My (admittedly naïve; I’ve never really gotten the hang of working with diff-lists) understanding of [ LIST #1, LAST #1 ] is that it doesn’t actually enforce the list being empty – because you could unify in something else. Does that always necessarily give a cycle?

@sweaglesw’s proposals (for checking emptiness and non-emptiness) both rely on a division of labour between the diff-list and the list it contains. Some things need to be done at the level of the list and other things need to be done at the level of the diff-list. To look at the actual elements, you have to look inside the list, but to check for emptiness or non-emptiness, you have to manipulate the diff-list.

For both kinds of check, this is assuming that the diff-list is well-formed (it was constructed from diff-lists with LAST pointing at the right place, e.g. using the <! !> syntax). For example, if you have <! *top* !> and you unify it with [ LIST #1, LAST #1 ], you will get a cycle. Similarly, if you have <!!> and unify it with pop-non-empty-diff-list above, you will get a cycle.

The division of labour means that you have to be careful, e.g. [ LIST #1, LAST #1 ] doesn’t mean that LIST is null. And for pop-non-empty-diff-list, the check is destructive. Coming back to @sweaglesw’s two kinds of problems:

Using [ LIST #1, LAST #1 ] and pop-non-empty-diff-list deal with the second point but not the first.

That’s certainly true. It’s (as we have seen) hard to make predictions about how troublesome a potential problem will actually be.

Unifying in a non-empty non-broken diff-list will produce a cycle. However, as Guy pointed out, it doesn’t force LIST to be null, so you could unify [ LIST #1, LAST #1] with [ LIST < blah > ] without producing a failure, because its LAST is unspecified. Unifying with <! blah !>, however, will fail.

I have recently been thinking about this from the perspective of the (D)MRS algebra. Implicitly, lexical threading of SLASH means that (D)MRS composition can manipulate SLASH. In normal composition, one (D)MRS is the functor and the other is the argument, and we can only manipulate the argument via its HOOK – the three elements of the HOOK (INDEX, TOP, XARG) can be unified with slots in the functor. With lexical threading, we’re manipulating both HOOK and SLASH.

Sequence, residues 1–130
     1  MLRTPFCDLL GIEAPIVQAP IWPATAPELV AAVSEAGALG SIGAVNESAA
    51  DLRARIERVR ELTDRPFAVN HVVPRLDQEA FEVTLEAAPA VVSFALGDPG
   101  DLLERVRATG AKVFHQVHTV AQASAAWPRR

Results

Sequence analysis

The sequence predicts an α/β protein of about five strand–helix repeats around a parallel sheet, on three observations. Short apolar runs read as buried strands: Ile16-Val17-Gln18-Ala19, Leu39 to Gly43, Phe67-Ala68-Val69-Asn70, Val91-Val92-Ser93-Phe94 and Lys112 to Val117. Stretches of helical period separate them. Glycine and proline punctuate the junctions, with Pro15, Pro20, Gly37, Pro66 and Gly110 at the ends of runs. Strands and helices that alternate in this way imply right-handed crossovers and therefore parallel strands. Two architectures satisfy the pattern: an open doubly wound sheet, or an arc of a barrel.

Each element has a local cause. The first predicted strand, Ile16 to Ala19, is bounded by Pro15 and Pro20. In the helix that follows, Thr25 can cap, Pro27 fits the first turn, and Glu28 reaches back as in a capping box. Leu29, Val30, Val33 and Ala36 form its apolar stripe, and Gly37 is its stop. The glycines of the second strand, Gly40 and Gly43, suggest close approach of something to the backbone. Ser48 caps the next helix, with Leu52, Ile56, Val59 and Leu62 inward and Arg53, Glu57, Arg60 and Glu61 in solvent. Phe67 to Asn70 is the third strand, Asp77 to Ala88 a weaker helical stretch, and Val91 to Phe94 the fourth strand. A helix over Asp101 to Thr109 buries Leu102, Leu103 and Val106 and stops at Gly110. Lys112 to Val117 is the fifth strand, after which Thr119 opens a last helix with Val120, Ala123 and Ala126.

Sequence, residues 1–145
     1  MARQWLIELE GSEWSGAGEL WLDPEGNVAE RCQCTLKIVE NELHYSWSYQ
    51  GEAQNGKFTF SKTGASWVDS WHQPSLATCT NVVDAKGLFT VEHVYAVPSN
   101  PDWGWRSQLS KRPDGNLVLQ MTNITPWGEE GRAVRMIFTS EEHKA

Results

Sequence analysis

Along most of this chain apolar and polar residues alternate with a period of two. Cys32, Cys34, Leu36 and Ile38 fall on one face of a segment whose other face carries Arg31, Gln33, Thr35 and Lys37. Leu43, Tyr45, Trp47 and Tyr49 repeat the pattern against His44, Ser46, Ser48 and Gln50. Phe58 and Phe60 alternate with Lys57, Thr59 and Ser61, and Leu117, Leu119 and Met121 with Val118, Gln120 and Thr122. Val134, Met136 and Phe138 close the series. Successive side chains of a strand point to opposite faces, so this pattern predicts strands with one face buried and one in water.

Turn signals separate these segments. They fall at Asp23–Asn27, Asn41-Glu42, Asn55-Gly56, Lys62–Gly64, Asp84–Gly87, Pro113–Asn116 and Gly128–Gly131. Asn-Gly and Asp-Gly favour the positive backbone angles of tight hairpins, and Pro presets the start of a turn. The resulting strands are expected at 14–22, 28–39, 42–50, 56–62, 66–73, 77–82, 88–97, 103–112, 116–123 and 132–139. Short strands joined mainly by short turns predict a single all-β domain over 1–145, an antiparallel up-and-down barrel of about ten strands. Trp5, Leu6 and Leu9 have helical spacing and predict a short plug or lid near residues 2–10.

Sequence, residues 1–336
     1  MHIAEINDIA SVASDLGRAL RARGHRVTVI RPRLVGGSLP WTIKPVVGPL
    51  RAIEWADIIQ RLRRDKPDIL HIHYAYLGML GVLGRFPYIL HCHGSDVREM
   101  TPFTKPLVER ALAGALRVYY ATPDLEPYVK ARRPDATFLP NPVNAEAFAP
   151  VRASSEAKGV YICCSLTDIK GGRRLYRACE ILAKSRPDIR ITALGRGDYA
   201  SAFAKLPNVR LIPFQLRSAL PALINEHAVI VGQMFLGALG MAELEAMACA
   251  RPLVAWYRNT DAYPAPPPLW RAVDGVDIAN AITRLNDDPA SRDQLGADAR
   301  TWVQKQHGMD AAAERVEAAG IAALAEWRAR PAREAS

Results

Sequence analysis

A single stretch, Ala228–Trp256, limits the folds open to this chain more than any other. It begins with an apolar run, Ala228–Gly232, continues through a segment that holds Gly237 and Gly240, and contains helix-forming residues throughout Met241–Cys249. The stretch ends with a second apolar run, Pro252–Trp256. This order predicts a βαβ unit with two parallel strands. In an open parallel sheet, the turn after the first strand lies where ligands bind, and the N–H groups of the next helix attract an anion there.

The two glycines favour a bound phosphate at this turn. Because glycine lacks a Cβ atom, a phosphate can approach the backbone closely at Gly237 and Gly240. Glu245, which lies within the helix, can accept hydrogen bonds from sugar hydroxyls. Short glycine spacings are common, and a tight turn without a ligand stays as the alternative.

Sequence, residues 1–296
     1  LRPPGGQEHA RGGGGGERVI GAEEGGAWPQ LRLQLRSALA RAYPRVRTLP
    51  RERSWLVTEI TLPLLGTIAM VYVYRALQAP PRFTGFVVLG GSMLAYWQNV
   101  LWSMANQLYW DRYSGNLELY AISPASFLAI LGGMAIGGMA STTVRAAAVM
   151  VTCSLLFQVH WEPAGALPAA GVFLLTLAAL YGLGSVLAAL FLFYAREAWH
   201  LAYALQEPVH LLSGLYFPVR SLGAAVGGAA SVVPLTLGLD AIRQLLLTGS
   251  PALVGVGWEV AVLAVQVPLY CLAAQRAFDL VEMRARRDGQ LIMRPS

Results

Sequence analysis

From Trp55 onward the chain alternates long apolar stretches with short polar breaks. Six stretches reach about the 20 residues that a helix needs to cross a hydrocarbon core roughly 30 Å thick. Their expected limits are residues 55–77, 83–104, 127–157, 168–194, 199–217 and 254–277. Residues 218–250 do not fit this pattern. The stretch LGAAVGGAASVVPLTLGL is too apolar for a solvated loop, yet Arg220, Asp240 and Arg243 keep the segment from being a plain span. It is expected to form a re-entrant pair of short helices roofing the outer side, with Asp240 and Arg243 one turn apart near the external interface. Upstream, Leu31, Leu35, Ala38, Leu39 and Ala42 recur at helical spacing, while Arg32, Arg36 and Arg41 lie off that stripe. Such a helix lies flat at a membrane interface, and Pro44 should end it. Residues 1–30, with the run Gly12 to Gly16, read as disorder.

So from the point of view of the algebra, it might be preferable not to let the functor directly manipulate SLASH. We already have a mechanism for relabelling slots (e.g. in a passive construction), and we could do something similar with SLASH, before composition. The idea is that, in a construction like “easy to try to replace”, the composition of “easy” and “to try to replace” will actually happen in two steps: the first step involves relabelling the semantics of “to try to replace” (so that what was at the top of the SLASH list is now in the HOOK), and then the second step is normal composition. The benefit is that SLASH propagation can now be treated uniformly across all composition, so lexical threading isn’t necessary. Instead, “easy” will have a type that licenses this construction. The construction could be treated syntactically as two rules (a special unary rule for “to try to replace” and then the normal head-complement rule), or a single rule (a special head-complement rule that bundles the two semantic operations together).

I think this would follow @ebender’s suggestion to drop lexical threading altogether, and introduce a special head-comp-like construction – but in a way that doesn’t complicate the algebra. In fact, by viewing it as relabelling plus normal composition, the algebra can be simpler.